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How to Compost

May 24, 2018

 

There are a bunch of different ways to create a compost pile for your garden. One way is to create a free-standing compost heap, which is literally a pile. You may want to keep that out of sight since compost heaps can be an eyesore. Another way to compost is with a ready-made compost bin. There are a variety of styles to choose. If you are handy, you could build your own bin out of repurposed lumber and wire mesh fencing.

 

All organic material that was once a plant, from vegetable trimmings to leaves, can be composted. Majority of households produce a constant supply of compost materials from the garden, kitchen and around the yard. Start by layering organic ingredients such as straw, corn stalks, leaves, pesticide-free grass clippings, egg shells, tea, fruit peels, coffee grounds and other organic matter from the kitchen. Make sure to leave out greasy products, meats and pet droppings. If you mainly have compost ingredients from your kitchen, think about using an enclosed composter. This will help keep pests from digging in your compost. Enclosed composters also have the added benefit of hiding the unappealing heap.

 

The larger your garden is, the more you will need a good place to compost its waste. An open pile that can be easily turned and chopped works great for composting garden waste. Leaves need to age for a bit before they can decompose, so it may be a good idea to stockpile them through the winter. When spring comes around, the aged leaves can be used as mulch or be throw into your compost pile. Leaves decompose faster if they are chopped up with a mower or leaf shredder.

 

When starting a new pile, sprinkle it with a couple shovelfuls of composted material or topsoil to add the necessary microorganisms for decomposition. A dose of organic fertilizer, such as feather meal or blood meal, adds nitrogen that will jumpstart the decomposition rate as well.
 

Balancing Browns and Greens


There is no perfect recipe for making compost, just follow the simple ratio of 3 parts “browns”

to 1 part “greens”. Browns are rich in carbon, and mainly come from trees. Greens are rich in nitrogen, and consist of garden or kitchen waste.

During summer months, all gardeners have a surplus of greens, followed by a surplus of browns in the fall. In order to balance out the excess of summer greens, save up leaves or pine needles in the fall and store them in trash bags or a garbage can. In summer, if greens overload your compost pile, layer on some leaves to keep your mixture consistent with the 3:1 ratio. Properties with less leaves can use shredded newspaper.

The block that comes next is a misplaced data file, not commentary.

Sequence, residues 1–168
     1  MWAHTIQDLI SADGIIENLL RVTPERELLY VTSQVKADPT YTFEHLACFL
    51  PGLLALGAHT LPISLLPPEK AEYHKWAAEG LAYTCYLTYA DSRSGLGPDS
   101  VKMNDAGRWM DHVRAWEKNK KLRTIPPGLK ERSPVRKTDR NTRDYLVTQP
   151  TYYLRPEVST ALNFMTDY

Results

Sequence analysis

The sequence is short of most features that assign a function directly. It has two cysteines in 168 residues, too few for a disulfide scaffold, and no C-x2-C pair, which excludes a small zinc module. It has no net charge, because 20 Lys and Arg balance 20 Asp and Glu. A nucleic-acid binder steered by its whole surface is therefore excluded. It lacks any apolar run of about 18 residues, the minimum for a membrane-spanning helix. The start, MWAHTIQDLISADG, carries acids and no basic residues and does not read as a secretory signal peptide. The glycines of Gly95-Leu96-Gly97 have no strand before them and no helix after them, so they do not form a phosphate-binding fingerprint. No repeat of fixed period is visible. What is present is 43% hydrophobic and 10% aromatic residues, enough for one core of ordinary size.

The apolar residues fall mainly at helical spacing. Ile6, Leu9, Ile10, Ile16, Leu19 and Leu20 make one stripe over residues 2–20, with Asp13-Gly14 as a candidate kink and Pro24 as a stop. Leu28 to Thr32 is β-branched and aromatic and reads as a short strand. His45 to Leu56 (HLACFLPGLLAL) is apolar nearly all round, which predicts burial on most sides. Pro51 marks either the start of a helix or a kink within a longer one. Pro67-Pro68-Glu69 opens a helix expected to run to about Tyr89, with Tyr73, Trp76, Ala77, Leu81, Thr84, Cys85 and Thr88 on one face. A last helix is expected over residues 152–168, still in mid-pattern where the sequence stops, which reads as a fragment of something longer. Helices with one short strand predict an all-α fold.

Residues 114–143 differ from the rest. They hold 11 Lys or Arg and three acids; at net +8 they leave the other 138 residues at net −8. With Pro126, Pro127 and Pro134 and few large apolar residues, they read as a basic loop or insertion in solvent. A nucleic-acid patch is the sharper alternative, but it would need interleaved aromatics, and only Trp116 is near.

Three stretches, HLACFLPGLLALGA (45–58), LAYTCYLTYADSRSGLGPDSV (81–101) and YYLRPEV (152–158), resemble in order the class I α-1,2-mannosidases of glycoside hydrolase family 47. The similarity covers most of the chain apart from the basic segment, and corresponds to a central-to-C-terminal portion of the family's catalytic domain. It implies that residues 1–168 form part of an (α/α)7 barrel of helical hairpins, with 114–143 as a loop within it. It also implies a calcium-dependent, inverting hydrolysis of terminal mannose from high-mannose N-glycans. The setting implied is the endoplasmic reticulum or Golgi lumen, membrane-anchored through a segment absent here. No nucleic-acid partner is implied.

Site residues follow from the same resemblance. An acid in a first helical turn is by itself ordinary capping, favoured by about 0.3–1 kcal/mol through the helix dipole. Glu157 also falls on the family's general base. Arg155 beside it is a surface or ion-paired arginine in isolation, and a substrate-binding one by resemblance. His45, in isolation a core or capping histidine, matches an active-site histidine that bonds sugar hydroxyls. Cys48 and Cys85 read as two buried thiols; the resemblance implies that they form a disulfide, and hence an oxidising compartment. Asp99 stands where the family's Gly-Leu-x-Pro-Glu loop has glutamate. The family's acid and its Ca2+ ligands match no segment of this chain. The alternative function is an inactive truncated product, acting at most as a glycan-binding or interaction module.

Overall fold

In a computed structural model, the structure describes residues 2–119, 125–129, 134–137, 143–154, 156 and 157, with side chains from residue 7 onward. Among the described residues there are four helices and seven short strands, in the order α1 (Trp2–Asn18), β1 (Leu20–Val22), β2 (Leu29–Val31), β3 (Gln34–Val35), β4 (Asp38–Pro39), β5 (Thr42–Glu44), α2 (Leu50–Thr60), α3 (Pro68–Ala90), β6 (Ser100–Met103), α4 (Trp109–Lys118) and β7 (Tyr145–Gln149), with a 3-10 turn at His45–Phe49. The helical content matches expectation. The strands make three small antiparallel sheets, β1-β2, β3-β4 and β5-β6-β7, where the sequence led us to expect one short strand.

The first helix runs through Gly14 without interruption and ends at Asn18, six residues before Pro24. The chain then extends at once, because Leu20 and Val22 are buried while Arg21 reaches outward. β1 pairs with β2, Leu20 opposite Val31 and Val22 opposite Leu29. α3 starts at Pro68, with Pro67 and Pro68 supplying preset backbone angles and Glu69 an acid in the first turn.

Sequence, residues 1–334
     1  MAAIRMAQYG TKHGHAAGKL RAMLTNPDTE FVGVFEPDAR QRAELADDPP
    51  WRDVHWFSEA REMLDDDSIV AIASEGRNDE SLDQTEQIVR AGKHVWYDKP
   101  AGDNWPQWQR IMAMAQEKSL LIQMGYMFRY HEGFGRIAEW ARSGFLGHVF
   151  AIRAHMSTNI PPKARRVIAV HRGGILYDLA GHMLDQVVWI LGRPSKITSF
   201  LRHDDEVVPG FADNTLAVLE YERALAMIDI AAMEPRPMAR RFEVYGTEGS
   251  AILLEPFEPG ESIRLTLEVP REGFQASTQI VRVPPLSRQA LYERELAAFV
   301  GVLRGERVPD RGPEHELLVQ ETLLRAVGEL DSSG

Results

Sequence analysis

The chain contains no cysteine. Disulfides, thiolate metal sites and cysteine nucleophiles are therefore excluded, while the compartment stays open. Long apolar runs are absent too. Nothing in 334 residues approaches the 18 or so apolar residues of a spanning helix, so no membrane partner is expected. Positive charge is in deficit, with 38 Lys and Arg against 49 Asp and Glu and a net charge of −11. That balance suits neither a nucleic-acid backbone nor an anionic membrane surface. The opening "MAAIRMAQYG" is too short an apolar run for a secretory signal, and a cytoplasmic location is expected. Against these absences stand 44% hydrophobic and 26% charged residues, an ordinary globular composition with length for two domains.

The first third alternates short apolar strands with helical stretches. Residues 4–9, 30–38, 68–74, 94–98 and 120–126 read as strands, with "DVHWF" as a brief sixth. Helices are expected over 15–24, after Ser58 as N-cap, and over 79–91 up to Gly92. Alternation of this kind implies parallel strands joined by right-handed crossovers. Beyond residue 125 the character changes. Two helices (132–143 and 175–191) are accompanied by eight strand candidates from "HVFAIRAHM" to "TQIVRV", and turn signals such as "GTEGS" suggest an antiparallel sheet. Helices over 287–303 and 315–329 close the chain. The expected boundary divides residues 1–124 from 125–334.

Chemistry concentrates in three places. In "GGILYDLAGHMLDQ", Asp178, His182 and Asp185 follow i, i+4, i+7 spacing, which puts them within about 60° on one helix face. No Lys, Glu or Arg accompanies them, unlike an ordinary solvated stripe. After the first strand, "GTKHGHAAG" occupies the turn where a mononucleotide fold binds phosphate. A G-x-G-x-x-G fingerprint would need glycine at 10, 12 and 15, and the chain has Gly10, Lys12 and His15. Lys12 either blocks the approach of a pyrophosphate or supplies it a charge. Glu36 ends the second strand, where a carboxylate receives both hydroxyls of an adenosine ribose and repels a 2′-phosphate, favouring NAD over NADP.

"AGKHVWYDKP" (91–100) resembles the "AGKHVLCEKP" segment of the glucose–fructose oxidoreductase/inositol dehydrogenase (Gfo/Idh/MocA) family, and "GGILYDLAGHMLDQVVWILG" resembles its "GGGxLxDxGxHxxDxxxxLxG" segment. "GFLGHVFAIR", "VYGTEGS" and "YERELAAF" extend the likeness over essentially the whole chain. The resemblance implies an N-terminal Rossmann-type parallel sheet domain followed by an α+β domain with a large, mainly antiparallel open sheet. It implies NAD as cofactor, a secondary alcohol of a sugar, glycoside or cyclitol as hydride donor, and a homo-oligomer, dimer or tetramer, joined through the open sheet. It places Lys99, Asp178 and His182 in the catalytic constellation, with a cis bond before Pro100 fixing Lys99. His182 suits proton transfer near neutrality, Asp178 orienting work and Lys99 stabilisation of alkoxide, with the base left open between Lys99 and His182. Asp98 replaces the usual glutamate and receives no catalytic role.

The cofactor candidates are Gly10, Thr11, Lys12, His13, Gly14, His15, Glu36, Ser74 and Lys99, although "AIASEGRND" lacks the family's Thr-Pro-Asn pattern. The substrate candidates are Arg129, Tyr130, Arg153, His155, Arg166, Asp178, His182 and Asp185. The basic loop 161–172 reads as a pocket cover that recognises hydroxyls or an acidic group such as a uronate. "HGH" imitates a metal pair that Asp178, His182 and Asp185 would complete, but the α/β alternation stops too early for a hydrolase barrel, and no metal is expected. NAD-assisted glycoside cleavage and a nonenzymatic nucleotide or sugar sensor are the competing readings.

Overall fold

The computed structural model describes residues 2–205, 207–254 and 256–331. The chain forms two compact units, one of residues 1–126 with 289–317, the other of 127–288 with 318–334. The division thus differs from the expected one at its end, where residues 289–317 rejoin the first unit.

If you have a smaller garden, but many trees, your compost may need more greens to balance out the extra browns from leaves. Grass clippings that are not treated with pesticides will work great to equalize the 3:1 ratio. You could also use other high-nitrogen plant meals like alfalfa, canola or cottonseed meal.


If you are creating an open-air compost pile, layer greens and browns at a 3:1 ratio until your mix is 3-4 feet tall. Add a bit of water between each layer, but don’t make the pile soggy. If you have a tumbler compost bin, all you have to do is throw in your ingredients and tumble.


Air, Water, and Stirring


Water and air are the two secrets when composting. For best results, keep your mixture moist and aerated. Water the compost regularly, then turn the compost over with a fork to add air. If you don’t want to turn your compost over by hand, and you are on a budget, you could also put the compost in a plastic garbage can covered by a tight lid with holes drilled into the top for air circulation. When you want to mix your compost just roll the can to stir the materials inside. If you have some extra cash, purchase a tumbler composter that can be turned easily with an attached handle. 


Fully Cooked Compost


Finished compost, also known as being “cooked”, has a fresh earthy aroma and looks like rich brown soil. If the compost is giving off a foul odor, that is a sign of being too soggy, having too many greens or that the compost isn’t done cooking. Try mixing the pile more often to reduce the moisture. The compost will form quicker if you turn the mixture every week or two. Compost will happen, but you are in control of how fast it will happen.
 

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